Judging by the number of deaths – approaching 50 this year – and hospitalisations, it is clear that the cultural practice of initiation in the Eastern Cape is under severe threat from its commodification, which has resulted in the proliferation of illegal schools. At risk are not just lives, or cultural practices, but potentially important public health gains.
Initiation is about preparing boys to face the harsh world and raise their own families.
And now it has been shown that the circumcision practiced at these schools could be a huge help in fighting the HIV scourge facing South Africa.
Recent international studies have shown circumcision can reduce the risk of a man being infected by a female partner by up to 70%. Therefore, if practised properly, the benefits for individuals and the country are immense.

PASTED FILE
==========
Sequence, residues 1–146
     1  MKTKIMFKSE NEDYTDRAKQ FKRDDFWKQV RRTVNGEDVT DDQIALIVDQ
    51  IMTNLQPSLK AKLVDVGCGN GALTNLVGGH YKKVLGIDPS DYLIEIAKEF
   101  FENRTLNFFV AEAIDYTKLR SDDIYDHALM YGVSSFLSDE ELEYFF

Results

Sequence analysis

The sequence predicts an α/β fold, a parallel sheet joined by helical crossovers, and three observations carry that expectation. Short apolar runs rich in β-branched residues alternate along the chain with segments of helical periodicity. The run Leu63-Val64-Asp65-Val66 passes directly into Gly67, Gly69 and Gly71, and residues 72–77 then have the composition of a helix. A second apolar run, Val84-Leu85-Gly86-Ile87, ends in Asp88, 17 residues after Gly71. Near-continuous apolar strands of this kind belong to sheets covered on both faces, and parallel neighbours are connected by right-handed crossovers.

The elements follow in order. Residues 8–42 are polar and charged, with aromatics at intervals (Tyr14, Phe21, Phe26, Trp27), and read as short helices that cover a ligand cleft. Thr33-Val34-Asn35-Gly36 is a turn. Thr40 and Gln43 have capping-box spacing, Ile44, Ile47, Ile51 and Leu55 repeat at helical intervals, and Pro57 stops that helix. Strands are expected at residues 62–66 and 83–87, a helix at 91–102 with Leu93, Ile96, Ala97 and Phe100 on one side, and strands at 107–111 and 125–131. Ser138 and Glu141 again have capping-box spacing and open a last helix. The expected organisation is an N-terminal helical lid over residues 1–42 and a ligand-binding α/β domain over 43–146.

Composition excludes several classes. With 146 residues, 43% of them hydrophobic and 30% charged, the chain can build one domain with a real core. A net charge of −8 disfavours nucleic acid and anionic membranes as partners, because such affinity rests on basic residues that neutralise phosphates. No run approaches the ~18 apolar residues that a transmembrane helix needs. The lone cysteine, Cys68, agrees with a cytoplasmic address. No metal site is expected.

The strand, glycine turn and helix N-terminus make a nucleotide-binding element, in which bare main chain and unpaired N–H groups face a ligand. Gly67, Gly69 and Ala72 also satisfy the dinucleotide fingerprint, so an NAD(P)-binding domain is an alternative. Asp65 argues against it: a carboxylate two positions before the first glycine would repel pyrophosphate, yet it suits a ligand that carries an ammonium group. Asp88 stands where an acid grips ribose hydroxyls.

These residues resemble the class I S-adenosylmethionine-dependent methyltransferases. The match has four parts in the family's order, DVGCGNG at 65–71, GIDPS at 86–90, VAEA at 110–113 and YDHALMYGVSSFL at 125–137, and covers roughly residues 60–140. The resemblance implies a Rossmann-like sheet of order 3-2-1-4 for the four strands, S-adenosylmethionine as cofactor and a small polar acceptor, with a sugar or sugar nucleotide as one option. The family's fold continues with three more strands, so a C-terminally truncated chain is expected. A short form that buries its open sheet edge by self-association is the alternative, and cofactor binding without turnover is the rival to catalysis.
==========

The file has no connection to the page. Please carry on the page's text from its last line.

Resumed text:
Methods of regulation
Traditionally, the wielding of the blade is an inherited family trade, but the old methods of regulation and the fine system, as imposed by traditional leaders on unregistered schools, are clearly failing to deter charlatans out to make a quick buck from commercialised initiation schools.
It makes little sense to call for the abandonment of the tradition or the complete replacement of traditional surgeons by medical practitioners. The culture is still being practised successfully in many parts of the Eastern Cape.
But the health department and institutions of traditional leadership need to work together to ensure that initiates are not endangered, and that circumcision is performed in a way that confers its health benefits on initiates.
And both sides need to be held responsible for stopping the needless deaths and mutilation of so many young men.
The Zuma administration purports to understand the value of traditional practices in a modern world. This would be a good place to show it.